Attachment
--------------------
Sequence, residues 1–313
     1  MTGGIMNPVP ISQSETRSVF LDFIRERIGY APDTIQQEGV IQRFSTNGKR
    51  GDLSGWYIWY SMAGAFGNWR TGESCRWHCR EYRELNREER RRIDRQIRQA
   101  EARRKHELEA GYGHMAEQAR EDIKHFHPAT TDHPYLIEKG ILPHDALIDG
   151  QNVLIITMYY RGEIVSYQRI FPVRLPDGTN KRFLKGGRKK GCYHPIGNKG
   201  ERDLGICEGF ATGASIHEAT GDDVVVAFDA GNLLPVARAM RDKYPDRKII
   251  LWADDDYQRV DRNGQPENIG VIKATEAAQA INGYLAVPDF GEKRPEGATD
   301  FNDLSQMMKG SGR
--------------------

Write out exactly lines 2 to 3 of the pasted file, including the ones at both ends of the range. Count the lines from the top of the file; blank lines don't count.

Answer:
     1  MTGGIMNPVP ISQSETRSVF LDFIRERIGY APDTIQQEGV IQRFSTNGKR
    51  GDLSGWYIWY SMAGAFGNWR TGESCRWHCR EYRELNREER RRIDRQIRQA